“A more tailored approach can help reach those who are not currently receiving any employment support or skills development. The experiences of disabled people must be central for this support to meaningfully build confidence in an ongoing way, reflecting their individual circumstances and aspirations.”

The Intensive Personalised Employment Support programme will support people living with a disability who are unlikely to move into work within the next year or longer and may need additional support. Other existing government support to help disabled people get into and stay in work includes the Disability Confident scheme, the Work and Health programme, the Access to Work grant and Jobcentre Plus services.

The pathfinder report that informed the Intensive Personalised Employment Support programme

The government has established a managerial type of policy context in which it is aiming to “provide support which could enable disabled people to undertake employment in the open market rather than in protected or segregated employment.” 

The government have in particular targeted those disabled people who have just started claiming Employment and Support Allowance, before they undergo a work capability assessement for ‘interventions’. This approach is founded on an entrenched belief that “the longer a disabled person or an individual with a health condition is unemployed, the harder it is for them to return to work.”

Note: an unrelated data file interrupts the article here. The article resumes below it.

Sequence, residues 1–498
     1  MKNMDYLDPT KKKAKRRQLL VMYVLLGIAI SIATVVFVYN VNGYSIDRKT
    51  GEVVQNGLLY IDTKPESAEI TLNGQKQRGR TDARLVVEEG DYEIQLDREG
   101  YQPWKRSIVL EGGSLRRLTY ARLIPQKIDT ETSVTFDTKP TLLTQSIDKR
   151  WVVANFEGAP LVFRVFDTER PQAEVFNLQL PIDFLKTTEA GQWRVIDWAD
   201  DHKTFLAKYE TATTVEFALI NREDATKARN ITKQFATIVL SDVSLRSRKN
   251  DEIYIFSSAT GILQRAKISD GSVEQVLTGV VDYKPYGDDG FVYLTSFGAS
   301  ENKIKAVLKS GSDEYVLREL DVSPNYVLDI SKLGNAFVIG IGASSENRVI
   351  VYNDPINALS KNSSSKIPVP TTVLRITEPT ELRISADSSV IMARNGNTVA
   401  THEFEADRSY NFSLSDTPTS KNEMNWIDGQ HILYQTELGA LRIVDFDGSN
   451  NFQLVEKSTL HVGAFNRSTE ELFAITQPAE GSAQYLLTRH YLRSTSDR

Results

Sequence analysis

However, an alternative explanation is that those who are not employed because of a health condition for longer periods are simply too ill to work. Nonetheless, the government has focused on notions of “work-readiness” as a means to “help” disabled people into work, which tends to sidestep the barriers that people face because they are unwell. 

Research was carried out by IFF Research Ltd on behalf of the Department for Work and Pensions, to evaluate the Personalisation Pathfnder trial, which was  introduced in April 2015 in three Districts: South West Wales, Surrey and Sussex and Greater Wessex. The report can be found here.  

In part, the research aimed to “establish whether the Pathfinder worked in moving out-of-work individuals with a disability and/or health condition closer to employment and, if so, how and why it achieved this. Specifcally, the objectives of the research were to understand: